As Australians, our thoughts go to Simpson and his Donkey when we think of animals in war. However there are many other animal stories to tell. At the time of the First World War, horses did much of the work now done by machines.
The Shrine of Remembrance in Melbourne has a war horse trough commemorating the service of more than 100,000 horses in the First World War. It was relocated to the site in the 1980s.
Some years ago, the AWM developed a family exhibition, A is for Animals: An A-Z of Animals in War. Although the exhibition has now closed, the accompanying publication, M is for Mates, is an excellent stand alone teaching resource. It is a great starting point to learn about the service responsibilities of animals as well as their role as mascots and in maintaining the wellbeing and morale of servicemen.
The booklet is aesthetically appealing and like the exhibition suitable for a young audience. It follows the alphabetical theme, so is interdisciplinary for preschoolers and early primary students. In has a diverse range of images and objects from the AWMs collection and provides a great starting point for adults and teens to do further research.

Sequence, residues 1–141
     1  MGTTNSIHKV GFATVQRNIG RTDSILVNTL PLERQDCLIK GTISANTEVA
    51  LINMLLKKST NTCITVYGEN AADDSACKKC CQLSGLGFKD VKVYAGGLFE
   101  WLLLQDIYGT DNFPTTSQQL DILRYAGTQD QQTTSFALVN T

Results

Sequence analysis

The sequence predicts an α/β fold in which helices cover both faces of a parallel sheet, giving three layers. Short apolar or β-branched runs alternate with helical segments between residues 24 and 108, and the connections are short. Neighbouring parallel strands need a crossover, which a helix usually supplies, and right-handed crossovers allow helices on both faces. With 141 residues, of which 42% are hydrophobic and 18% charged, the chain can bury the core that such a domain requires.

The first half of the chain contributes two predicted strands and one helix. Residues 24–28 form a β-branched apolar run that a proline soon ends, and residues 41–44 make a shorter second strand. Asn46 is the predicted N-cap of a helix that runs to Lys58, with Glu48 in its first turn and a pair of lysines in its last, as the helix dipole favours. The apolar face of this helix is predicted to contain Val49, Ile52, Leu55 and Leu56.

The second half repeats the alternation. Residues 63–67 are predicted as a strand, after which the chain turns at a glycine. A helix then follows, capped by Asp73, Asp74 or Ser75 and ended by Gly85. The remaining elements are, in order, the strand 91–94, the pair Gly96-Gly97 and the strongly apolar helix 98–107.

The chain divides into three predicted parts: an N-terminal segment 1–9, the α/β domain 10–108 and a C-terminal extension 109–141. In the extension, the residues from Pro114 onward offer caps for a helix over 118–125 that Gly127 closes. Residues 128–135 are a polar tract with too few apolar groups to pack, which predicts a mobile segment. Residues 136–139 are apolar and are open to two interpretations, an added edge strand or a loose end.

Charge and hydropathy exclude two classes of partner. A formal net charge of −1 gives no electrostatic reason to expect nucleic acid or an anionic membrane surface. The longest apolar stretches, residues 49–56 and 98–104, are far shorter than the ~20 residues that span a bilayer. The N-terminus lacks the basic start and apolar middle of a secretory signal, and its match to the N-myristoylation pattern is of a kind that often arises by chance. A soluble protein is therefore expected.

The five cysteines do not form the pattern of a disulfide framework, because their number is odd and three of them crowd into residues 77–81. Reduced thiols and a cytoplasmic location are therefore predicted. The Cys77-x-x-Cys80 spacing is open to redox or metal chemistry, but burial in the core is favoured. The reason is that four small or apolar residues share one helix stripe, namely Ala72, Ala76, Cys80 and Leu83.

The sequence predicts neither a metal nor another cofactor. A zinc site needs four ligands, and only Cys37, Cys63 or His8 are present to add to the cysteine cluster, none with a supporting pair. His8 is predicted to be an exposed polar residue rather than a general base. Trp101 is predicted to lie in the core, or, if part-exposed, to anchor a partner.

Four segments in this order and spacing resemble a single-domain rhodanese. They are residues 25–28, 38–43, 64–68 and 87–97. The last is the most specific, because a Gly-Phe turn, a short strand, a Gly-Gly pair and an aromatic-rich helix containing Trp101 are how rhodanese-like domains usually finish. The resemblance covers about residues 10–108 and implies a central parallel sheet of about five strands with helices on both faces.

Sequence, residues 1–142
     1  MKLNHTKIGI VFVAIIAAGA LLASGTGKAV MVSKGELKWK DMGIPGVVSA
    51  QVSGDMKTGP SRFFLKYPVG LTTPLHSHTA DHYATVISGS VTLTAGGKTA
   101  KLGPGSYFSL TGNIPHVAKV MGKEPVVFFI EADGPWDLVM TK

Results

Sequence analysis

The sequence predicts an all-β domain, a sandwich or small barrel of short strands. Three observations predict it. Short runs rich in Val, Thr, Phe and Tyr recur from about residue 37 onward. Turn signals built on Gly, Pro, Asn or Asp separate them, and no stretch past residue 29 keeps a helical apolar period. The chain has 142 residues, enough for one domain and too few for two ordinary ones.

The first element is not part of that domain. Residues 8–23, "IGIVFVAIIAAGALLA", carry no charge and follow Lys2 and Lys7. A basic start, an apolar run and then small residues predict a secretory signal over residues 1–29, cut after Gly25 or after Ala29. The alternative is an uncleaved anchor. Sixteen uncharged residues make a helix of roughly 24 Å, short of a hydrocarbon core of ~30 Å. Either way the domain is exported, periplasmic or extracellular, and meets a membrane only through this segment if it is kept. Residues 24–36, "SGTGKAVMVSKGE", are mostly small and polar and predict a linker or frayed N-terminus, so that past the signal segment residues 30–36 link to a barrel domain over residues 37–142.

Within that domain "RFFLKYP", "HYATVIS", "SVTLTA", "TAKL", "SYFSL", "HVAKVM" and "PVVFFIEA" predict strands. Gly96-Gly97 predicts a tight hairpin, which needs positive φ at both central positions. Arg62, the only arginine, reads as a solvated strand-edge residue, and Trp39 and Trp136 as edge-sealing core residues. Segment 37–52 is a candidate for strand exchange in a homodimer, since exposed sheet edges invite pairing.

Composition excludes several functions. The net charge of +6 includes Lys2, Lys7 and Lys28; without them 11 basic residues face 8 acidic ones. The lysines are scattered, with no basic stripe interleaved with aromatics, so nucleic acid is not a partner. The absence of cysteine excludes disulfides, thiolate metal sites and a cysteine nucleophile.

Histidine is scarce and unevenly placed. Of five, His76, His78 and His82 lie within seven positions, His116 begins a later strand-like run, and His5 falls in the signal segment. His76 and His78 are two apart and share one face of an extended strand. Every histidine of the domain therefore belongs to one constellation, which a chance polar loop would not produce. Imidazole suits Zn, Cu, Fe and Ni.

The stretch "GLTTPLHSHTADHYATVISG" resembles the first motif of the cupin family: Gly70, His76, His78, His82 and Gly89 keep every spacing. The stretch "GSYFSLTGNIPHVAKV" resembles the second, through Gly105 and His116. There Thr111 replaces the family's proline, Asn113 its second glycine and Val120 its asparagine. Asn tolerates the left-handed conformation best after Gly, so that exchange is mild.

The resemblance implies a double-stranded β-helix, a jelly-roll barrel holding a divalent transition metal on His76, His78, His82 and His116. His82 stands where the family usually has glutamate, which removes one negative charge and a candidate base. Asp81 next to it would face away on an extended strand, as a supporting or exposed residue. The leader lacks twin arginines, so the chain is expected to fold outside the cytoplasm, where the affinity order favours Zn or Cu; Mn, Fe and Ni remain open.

A hard copy of the book is available from the AWM for $22.95. Alternatively, a PDF is available at this link via DVA’s Anzac Portal. The portal contains too many fantastic resources to review on its own, so I will continue to pull out some of my favourite individual resources. Feel free to head over and check it out if you wish.
If you are interested in other stories of animals in war, you may want to check out War Horse by Michael Morpurgo which was turned into a film in 2011. There are also a number of children’s story books that tell the story of Simpson and his Donkey. I do not have a lot of experience with these but hear that Simpson and his Donkey by Mark Greenwood is popular.
There are a lot of different rumours about what happened to the First World War horses at the end of the war. You can learn more about what really happened here.